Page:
An IBM article comparing AIX 6.1, Solaris 10 and HP-UX incites Blogspot host Robert Milkowski, who decides to dissect the piece, to offer his opinion and identify inaccuracies.
According to Milkowski, it's not IBM itself he has issues with, it is the devious methods used in marketing their products, and servers specifically. "Don't get me wrong - I like IBM and I often admire of what they are doing and not only in a server market-space but for science in general," he begins. "It's just that their server division seems to be made of only marketing people and nothing more."
His first point of contention with IBM Technical Writer Ken Milberg is the implication that HP-UX or Solaris are not as tightly integrated with their respective RISC platforms as AIX is. Making a quick note that they of course are, Milkowski then takes the platform idea even further to note that AIX and HP-UX do not even run on the most commonly used platforms x86/x64, as Solaris does.
Another area of misrepresentation in Milberg's article is the lack of Solaris innovations listed in the section with this same name, Milkowski writes. Missing are any indications of DTrace, SMF, FMA, Branded Zones, Resource Management, Intel updates, etc, notes Milkowski, stating: "From the marketing point of view it is very clever...you would probably be under impression that there aren't many innovations in Solaris..."
ZFS is the next issue. The IBM article places the general purpose file system alongside IBM's JFS2 and HP's VxFs, which Milkowski can hardly believe as he proclaims the two are total different technologies with ZFS being years more advanced.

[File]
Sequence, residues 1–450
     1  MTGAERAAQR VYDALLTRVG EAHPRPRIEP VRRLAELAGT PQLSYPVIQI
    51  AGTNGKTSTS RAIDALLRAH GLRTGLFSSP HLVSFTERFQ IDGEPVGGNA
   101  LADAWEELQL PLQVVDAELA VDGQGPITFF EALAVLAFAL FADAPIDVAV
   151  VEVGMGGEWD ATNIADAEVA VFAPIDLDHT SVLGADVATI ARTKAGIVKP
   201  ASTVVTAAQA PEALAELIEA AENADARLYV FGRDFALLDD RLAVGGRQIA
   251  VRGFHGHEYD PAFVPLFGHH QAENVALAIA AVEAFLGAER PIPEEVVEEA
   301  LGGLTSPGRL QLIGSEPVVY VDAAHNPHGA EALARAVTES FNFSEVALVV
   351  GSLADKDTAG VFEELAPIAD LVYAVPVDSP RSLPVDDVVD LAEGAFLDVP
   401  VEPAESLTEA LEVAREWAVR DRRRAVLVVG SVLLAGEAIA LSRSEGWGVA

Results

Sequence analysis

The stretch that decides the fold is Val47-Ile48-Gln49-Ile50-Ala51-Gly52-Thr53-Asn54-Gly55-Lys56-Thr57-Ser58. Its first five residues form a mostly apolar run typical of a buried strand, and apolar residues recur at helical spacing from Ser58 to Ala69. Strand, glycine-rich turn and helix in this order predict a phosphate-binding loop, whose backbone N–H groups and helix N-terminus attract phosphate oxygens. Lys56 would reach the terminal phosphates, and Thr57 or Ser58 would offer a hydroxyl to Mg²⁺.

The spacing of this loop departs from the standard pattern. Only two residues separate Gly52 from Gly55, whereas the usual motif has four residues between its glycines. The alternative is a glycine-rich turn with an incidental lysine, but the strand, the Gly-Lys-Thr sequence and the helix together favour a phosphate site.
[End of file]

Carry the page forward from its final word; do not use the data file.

Milkowski then examines statements made about AIX. One of these is the claim that "No other UNIX can boast the ability to move over running workloads on a workload partition from one system to another without shutting down the partition." The refuting blogger proclaims: "Well, it is not true. You can live migrate LDOMs on Solaris, you can live migrate xVM guests on Solaris and you can live migrated XEN guests on Linux."
Other areas of the article critiqued: virtualization, networking, performance tuning
"Why is it so hard to find an article from IBM which at least tries to be objective? Why everything they do is an ultimate marketing machine? Maybe because it works in so many cases...," Milkowski queries, concluding, "The plain truth is that AIX was one of the innovative UNIX flavours in a market but it stayed behind many years ago. And while they do try to catch up here and there they no longer lead the market .... The future seems to be with Linux, Open Solaris and Windows."
Kudos are given to IBM's marketing strategy not only by this blog's author but by a couple of the commenters as well. An anonymous commenter affirms IBM's vast marketing skill as he writes: "Anytime I hear someone mention 'we are considering AIX' I look around the table... where is he? I know one of these guys is the IBM consultant...."
YAIMA - Milkowski's blog entry
AIX 6.1, Solaris 10, and HP-UX and the System p - IBM marketing article
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